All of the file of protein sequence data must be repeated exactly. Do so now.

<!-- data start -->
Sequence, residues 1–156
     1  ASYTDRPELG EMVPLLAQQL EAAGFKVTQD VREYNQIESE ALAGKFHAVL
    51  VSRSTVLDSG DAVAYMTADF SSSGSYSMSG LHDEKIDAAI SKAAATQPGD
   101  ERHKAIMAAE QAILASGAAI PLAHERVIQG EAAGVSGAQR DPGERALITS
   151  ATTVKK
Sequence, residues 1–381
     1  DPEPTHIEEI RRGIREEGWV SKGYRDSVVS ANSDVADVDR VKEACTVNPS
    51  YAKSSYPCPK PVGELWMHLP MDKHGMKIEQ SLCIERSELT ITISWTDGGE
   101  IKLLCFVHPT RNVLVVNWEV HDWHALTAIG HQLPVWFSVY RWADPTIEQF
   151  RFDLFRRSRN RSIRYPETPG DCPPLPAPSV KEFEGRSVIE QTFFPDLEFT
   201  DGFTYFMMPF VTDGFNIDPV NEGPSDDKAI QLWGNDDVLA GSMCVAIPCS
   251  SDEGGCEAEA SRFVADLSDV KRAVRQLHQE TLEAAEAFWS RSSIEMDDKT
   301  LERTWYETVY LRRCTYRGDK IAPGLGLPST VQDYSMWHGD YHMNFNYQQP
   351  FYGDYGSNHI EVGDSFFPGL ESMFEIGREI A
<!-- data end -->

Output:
Sequence, residues 1–156
     1  ASYTDRPELG EMVPLLAQQL EAAGFKVTQD VREYNQIESE ALAGKFHAVL
    51  VSRSTVLDSG DAVAYMTADF SSSGSYSMSG LHDEKIDAAI SKAAATQPGD
   101  ERHKAIMAAE QAILASGAAI PLAHERVIQG EAAGVSGAQR DPGERALITS
   151  ATTVKK
Sequence, residues 1–381
     1  DPEPTHIEEI RRGIREEGWV SKGYRDSVVS ANSDVADVDR VKEACTVNPS
    51  YAKSSYPCPK PVGELWMHLP MDKHGMKIEQ SLCIERSELT ITISWTDGGE
   101  IKLLCFVHPT RNVLVVNWEV HDWHALTAIG HQLPVWFSVY RWADPTIEQF
   151  RFDLFRRSRN RSIRYPETPG DCPPLPAPSV KEFEGRSVIE QTFFPDLEFT
   201  DGFTYFMMPF VTDGFNIDPV NEGPSDDKAI QLWGNDDVLA GSMCVAIPCS
   251  SDEGGCEAEA SRFVADLSDV KRAVRQLHQE TLEAAEAFWS RSSIEMDDKT
   301  LERTWYETVY LRRCTYRGDK IAPGLGLPST VQDYSMWHGD YHMNFNYQQP
   351  FYGDYGSNHI EVGDSFFPGL ESMFEIGREI A